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Daddy Loved Baseball


Daddy & Me

My Dad had a life-long love affair with the game of baseball.  He taught me early to appreciate the game through the miracle of radio, a game he declared imagined best through the ears, rather than the eyes. During the 1950s, radio was superseded by television as the medium of choice for baseball. Daddy lamented that his vision of play was much bigger than that captured by camera and viewed on our twenty-seven inch black and white television, but caved to NBC’s legendary televised Saturday afternoon “Game of the Week”, broadcast from a fledgling station out of nearby Panama City, Florida.  Over the years, he became a devoted viewer while I drifted into a greater love for the game of basketball.


Charlie Spears 1935

There were stories of Dad, as a young man in his late teens and early twenties, who played with one or more of the loosely organized chicken-shit (his words, not mine) farm clubs that sprang up throughout the rural south in the thirties.  I knew he had been a first baseman known as a heavy hitter.  But at his funeral, I was to learn much more about his prowess, and his insistence on fair play.

When the last of family and friends had offered parting condolences, I stayed on for a private farewell.  But I wasn’t alone.  An elderly gentleman, leaning heavily on a hand crafted, snake-head cane, slowly approached.  He introduced himself by his given name only, and Mr. Woodrow declared: “must’ve got yo height from Red.  You favor him in a lady-sort of way.”

I smiled, remembering the pride I’d felt at my nickname, Little Red.  While everyone in the south grew up with a nickname, most left them behind as we navigated bigger worlds, often far away from our beginnings.  My eyes are blue, but my hair has never been red.  Then Daddy’s nickname fit: he was a tall redhead with ruddy complexion and blue eyes that invited merriment when he laughed.

Mr. Woodrow paused, balancing on his cane, gazed across the cemetery into the brilliant colors of day’s end, and pointed in the direction of one tombstone, and then another, declaring Daddy was among some damn fine company.  His rheumy eyes tearing, he looked back in time.  The promise of a good story ruminating, I invited him to sit with me on the tailgate of my truck.

He began in the slow drawl of southern storytelling, the familiar cadence my ear hears with considerable clarity in a time when much else passes as noise.  Some truth, some not, but always deftly embellished for the sake of a good story.

“Your dad and me, along with some of these ole boys, were teammates.”  He pointed out several tombstones, calling each man by the name with which teammates had tagged him.  “Red anchored first and damned if he didn’t have a eagle eye for a fast ball.  Myself, I played short.  And along then, I was quicker than a pissed off rattler.”  He paused, and tapping the ground with his cane, he leaned into the heart of the story.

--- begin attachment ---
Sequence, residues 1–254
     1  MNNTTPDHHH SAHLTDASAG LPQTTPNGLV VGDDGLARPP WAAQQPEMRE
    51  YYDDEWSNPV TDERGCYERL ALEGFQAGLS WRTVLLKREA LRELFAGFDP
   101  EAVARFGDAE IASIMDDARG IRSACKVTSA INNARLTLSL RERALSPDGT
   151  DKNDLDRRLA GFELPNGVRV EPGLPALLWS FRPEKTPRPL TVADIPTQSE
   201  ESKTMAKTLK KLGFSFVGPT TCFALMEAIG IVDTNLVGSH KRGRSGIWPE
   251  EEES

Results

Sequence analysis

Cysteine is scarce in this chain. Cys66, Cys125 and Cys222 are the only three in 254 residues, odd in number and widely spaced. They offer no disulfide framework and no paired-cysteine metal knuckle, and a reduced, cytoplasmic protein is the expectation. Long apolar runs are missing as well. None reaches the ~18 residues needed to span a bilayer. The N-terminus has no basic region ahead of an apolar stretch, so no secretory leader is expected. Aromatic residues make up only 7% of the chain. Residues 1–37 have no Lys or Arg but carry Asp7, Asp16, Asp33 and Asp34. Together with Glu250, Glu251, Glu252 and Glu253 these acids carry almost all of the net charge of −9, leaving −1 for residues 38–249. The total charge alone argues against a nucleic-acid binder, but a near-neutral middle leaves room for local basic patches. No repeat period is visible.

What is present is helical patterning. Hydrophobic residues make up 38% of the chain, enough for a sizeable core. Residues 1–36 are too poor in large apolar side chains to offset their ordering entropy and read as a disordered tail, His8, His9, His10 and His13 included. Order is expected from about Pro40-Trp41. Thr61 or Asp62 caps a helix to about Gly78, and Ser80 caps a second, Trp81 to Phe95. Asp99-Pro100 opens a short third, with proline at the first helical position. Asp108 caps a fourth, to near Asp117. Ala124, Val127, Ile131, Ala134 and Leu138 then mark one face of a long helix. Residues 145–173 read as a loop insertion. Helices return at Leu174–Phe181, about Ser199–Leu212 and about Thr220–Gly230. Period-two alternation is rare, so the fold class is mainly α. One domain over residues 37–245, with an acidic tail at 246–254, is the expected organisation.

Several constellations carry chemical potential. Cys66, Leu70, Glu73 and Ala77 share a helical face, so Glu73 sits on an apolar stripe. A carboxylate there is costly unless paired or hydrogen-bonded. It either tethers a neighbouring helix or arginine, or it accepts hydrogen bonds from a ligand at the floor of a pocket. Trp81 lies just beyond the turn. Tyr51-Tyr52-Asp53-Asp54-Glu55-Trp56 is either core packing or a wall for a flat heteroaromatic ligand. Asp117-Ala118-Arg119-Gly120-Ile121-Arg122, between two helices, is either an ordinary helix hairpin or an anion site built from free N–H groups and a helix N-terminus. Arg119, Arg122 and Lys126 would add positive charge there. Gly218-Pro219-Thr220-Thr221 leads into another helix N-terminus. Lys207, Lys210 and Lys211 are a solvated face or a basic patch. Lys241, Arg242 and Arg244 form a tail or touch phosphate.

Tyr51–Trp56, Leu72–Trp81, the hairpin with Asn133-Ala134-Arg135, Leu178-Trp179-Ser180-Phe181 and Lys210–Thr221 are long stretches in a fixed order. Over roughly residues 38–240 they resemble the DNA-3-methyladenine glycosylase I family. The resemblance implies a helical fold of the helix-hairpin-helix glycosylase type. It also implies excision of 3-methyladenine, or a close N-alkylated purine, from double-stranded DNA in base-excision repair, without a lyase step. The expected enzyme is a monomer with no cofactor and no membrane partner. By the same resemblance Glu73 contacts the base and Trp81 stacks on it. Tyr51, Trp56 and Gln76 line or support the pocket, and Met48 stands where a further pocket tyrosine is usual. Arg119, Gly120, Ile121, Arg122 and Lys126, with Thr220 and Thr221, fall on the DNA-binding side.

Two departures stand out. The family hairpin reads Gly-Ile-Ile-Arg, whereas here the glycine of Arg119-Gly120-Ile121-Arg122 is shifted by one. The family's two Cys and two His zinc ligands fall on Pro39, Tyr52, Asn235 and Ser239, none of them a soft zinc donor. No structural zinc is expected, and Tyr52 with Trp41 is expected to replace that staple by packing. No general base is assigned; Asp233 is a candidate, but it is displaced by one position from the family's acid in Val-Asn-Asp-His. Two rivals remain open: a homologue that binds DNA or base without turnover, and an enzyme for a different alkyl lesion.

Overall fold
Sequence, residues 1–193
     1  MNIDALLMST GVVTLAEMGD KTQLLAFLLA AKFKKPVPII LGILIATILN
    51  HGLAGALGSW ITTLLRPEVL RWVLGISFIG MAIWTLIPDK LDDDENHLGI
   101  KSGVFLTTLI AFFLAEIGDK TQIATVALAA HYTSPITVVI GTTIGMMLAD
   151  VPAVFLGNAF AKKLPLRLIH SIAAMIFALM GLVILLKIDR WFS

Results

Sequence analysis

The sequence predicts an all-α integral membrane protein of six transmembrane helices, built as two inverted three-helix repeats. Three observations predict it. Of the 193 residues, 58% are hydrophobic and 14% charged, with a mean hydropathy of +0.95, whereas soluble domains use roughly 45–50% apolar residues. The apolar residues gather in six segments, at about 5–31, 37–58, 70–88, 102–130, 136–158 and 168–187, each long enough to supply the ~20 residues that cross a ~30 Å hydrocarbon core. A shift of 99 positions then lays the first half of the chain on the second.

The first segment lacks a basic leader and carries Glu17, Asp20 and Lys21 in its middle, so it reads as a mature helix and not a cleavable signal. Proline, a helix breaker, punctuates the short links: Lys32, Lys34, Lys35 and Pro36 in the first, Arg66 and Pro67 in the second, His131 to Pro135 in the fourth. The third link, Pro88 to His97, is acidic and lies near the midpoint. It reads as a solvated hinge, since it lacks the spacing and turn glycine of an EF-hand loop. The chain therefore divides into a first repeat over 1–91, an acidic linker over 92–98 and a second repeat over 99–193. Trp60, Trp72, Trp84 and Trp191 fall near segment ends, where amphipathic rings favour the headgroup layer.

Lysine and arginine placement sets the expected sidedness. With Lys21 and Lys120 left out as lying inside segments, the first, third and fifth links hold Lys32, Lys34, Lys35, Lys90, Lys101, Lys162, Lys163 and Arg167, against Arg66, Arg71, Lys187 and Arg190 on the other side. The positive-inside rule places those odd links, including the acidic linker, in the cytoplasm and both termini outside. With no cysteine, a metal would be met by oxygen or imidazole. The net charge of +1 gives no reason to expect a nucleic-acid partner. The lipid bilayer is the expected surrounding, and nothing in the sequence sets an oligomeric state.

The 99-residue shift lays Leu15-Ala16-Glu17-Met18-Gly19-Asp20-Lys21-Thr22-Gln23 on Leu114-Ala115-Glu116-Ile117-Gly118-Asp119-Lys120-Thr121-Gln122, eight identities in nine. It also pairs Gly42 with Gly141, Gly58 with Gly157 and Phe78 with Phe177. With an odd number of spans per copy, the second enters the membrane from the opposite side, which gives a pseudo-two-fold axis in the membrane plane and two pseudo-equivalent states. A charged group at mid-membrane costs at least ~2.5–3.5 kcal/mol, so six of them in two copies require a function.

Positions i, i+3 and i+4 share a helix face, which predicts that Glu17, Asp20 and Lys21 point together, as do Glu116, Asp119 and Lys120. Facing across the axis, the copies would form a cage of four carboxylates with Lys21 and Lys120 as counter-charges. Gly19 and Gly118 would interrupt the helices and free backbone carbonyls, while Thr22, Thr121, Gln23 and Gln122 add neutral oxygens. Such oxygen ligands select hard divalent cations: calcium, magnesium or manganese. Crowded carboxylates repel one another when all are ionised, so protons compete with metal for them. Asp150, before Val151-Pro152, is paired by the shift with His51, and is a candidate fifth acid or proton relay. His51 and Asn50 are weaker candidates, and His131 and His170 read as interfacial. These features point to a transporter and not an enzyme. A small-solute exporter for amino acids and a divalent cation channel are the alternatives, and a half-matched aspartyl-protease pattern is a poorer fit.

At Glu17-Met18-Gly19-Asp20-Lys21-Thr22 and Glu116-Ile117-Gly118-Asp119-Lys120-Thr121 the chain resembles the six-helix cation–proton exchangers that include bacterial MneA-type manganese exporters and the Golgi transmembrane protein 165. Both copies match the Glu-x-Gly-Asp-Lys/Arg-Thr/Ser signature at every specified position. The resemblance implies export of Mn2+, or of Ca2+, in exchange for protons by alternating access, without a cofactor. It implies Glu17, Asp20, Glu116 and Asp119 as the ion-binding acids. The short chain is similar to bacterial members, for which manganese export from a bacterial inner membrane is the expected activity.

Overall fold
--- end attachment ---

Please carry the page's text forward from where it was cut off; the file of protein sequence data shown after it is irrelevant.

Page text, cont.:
“Red kept a batting average to envy.  Had a reputation as a long ball hitter.  In today’s way of commentating, his bat would be called a ‘game-changer’. 

“There was this particular game I well recall.  And, this is where your daddy comes big into the story.  Picture bottom half of the ninth us down by one, me on second, two outs.  Nothing but pride riding on the outcome.  Your daddy came to the plate and the other side’s center fielder snuck back beyond the track in hopes of snagging any long ball, putting the game away.  Him a jiffy hero.  Well, I’m here to tell you Red connected with a fast ball ― and at the crack of his bat everybody leaped to their feet, watching that cheating son of a gun get under that ball twenty yard beyond the tracks.  Both dugouts emptied and bless Jesus, Red was the first to get to him.  And I can tell you, Charlie Spears weren’t a man you wanted to cheat out of a home run.”

Mr. Woodrow chuckled and got slowly to his feet.  “Some said afterward that the dust we stirred up that Saturday didn’t settle until the following Tuesday.”

Mr. Woodrow and I parted, and I headed home, remembering my own story of Daddy and me driving from Port St. Joe to Tallahassee to watch two major league teams, in route south for spring training, play an exhibition game at Centennial Field.  I was nine or ten, and I wish I could remember the names of the teams, but that part of the memory has faded.  But not the pride I’d felt sitting next to him.  The good that has never left me.

Happy Father’s Day

A Near Miss and Mama’s Stubbornness

Mama in hatPeas of the same pod was the rap on Mama and me. Maybe that’s why we loved each other but never got along particularly well. While she self-identified as determined, she cast me as hard-headed and prideful. Still, I admired her spunk.